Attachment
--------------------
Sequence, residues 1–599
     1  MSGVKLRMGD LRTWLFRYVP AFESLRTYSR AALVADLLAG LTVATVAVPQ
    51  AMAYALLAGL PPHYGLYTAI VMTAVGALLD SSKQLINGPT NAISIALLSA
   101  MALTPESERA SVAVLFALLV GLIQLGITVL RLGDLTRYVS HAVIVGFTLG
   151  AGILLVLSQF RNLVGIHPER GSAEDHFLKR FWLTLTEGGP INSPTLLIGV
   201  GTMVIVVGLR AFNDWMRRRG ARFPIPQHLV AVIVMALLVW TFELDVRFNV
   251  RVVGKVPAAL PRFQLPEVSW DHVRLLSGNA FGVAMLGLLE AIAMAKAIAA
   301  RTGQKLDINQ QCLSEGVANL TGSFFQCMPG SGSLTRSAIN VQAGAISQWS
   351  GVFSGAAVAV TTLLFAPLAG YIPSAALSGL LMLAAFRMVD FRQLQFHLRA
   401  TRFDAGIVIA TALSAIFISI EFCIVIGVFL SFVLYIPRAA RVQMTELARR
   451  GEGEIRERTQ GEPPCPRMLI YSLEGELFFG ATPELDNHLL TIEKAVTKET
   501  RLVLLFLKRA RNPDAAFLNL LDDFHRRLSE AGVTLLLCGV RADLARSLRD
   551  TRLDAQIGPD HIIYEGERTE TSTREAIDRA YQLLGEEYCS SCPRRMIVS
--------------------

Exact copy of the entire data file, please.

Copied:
Sequence, residues 1–599
     1  MSGVKLRMGD LRTWLFRYVP AFESLRTYSR AALVADLLAG LTVATVAVPQ
    51  AMAYALLAGL PPHYGLYTAI VMTAVGALLD SSKQLINGPT NAISIALLSA
   101  MALTPESERA SVAVLFALLV GLIQLGITVL RLGDLTRYVS HAVIVGFTLG
   151  AGILLVLSQF RNLVGIHPER GSAEDHFLKR FWLTLTEGGP INSPTLLIGV
   201  GTMVIVVGLR AFNDWMRRRG ARFPIPQHLV AVIVMALLVW TFELDVRFNV
   251  RVVGKVPAAL PRFQLPEVSW DHVRLLSGNA FGVAMLGLLE AIAMAKAIAA
   301  RTGQKLDINQ QCLSEGVANL TGSFFQCMPG SGSLTRSAIN VQAGAISQWS
   351  GVFSGAAVAV TTLLFAPLAG YIPSAALSGL LMLAAFRMVD FRQLQFHLRA
   401  TRFDAGIVIA TALSAIFISI EFCIVIGVFL SFVLYIPRAA RVQMTELARR
   451  GEGEIRERTQ GEPPCPRMLI YSLEGELFFG ATPELDNHLL TIEKAVTKET
   501  RLVLLFLKRA RNPDAAFLNL LDDFHRRLSE AGVTLLLCGV RADLARSLRD
   551  TRLDAQIGPD HIIYEGERTE TSTREAIDRA YQLLGEEYCS SCPRRMIVS